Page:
KABUL (Reuters) - Afghanistan’s biggest suicide bomb attack is now known to have killed 59 schoolboys, the Education Ministry said on Friday, announcing a nationwide ban on students greeting politicians or dignitaries.
Five teachers and six members of parliament were also killed in Tuesday’s blast in the relatively peaceful north of Afghanistan which has shaken public faith in the ability of the government and foreign troops in the country to provide security.
The suicide bomber blew himself up as schoolboys lined up to greet a visiting delegation of opposition parliamentary deputies in the town of Baghlan.
“We have 64 martyrs, 59 of them are children, and five of them are teachers,” said Education Ministry spokesman Zahoor Afghan. “There are 96 wounded. Of those three are teachers, the rest are students.”
Officials had previously put the total death toll at 52. As well as the boys, teachers and parliamentarians, a number of police and adult civilians were also killed in the attack. No schoolgirls were among the dead, Afghan said.
“The minister has repeatedly requested school children not to be sent to any welcoming ceremony, unless it is purely for educational programmes,” said spokesman Afghan. “We told the provincial educational heads not to involve children in any programme other than educational, but they did not listen to us.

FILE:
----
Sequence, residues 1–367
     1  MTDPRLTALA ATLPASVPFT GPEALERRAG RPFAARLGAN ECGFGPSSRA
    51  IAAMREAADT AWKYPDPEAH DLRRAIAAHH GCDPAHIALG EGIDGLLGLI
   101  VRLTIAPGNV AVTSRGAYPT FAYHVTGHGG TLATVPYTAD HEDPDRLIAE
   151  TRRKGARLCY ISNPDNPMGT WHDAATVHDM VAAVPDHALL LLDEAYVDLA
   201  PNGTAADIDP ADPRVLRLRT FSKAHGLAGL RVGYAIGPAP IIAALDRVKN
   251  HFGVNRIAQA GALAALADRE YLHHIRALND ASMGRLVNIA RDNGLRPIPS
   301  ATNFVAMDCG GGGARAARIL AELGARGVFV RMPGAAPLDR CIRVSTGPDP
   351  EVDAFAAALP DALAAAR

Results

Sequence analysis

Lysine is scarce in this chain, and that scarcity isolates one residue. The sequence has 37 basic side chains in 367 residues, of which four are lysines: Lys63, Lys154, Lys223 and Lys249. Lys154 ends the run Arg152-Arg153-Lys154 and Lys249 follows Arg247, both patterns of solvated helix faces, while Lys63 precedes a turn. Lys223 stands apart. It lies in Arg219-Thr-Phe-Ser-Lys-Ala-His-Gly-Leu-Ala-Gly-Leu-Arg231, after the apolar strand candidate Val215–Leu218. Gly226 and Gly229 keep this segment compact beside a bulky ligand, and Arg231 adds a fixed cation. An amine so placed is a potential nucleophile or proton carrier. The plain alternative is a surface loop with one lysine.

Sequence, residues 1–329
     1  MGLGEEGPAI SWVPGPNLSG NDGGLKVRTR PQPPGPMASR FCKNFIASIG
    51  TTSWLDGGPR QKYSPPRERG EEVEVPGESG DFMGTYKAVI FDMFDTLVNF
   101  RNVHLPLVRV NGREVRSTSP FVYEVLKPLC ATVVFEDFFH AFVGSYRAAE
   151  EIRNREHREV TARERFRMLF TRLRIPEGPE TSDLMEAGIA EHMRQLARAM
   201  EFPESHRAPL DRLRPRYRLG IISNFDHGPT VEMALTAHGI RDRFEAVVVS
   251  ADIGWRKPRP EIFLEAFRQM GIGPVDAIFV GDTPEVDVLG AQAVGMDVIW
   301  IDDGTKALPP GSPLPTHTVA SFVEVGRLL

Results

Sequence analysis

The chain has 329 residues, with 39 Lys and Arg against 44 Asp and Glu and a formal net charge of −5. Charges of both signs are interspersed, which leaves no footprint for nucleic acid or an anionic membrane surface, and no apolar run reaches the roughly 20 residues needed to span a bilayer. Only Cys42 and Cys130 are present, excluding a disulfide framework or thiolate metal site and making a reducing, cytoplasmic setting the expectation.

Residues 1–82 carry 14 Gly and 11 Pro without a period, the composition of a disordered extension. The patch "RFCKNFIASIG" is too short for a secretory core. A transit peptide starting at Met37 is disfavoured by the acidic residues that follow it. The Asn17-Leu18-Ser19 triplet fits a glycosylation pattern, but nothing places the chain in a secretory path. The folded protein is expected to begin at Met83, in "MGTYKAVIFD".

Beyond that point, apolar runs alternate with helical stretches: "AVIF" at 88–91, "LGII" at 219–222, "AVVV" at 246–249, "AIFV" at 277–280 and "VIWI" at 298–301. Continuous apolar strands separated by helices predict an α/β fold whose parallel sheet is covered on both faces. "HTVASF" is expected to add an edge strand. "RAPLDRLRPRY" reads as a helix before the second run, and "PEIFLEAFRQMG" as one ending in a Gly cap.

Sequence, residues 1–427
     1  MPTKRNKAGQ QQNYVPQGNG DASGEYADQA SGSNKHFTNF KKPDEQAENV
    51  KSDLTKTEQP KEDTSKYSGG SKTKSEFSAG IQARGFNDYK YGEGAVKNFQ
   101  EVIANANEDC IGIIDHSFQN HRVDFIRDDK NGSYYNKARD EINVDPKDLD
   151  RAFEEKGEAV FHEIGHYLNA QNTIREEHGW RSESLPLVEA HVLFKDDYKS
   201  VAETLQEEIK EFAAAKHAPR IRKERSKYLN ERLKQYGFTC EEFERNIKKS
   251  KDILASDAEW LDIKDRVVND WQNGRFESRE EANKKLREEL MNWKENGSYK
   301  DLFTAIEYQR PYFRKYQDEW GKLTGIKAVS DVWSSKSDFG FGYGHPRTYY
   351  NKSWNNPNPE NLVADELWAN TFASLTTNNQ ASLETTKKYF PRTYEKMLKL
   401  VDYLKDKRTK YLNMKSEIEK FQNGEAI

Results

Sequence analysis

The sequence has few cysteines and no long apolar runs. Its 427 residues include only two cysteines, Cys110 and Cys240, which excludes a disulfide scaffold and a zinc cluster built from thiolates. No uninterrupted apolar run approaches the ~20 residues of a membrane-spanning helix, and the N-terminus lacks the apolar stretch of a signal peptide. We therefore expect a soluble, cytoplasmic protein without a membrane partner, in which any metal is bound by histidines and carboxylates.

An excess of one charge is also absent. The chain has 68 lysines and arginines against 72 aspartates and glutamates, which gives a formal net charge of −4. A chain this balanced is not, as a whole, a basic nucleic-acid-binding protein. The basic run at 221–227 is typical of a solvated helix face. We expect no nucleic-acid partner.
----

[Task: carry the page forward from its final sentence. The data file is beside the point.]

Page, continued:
“But this time the education minister has issued a firm order and has strongly emphasised not to ever use any school children in any gathering or ceremonies after the incident in Baghlan.”
A number of the wounded children were in critical condition with internal bleeding. Some might well die.
“It is quite possible the number of martyrs will increase because as of yesterday the death toll was 63, but one schoolboy succumbed to his injuries and died,” Afghan said, adding that the region lacked medicine and proper health care facilities.
Some families had taken away the bodies of their relatives straight after the attack and it may be some time before a final death toll is known.
It was also too early to say who might have been responsible for the blast, officials said.
Afghan police detained two men on suspicion of involvement, the governor of Baghlan province said on Friday.
Taliban insurgents have carried out more than 130 suicide attacks in Afghanistan this year, but denied they carried out the Baghlan attack. The denial has sparked widespread speculation and conspiracy theories over who might be responsible amid a general atmosphere of fear and suspicion.
One of the two men arrested in Baghlan was a mosque prayer leader, the other a resident of the town’s industrial zone where the blast took place, provincial governor Mohammad Alam Ishaaqzai told Reuters.
“The initial investigation shows these men may have had a hand in this attack,” he said, but declined to say whether the men were affiliated to any insurgent or political group.
A high-ranking Interior Ministry team from Kabul were questioning the pair, he said.
Northern Afghanistan has been relatively peaceful and prosperous compared with the south and east, where Taliban suicide attacks are common and insurgents are locked in daily battles with Afghan and foreign forces.
Reporting by Tahir Qadiry, writing by Jon Hemming, editing by Roger Crabb
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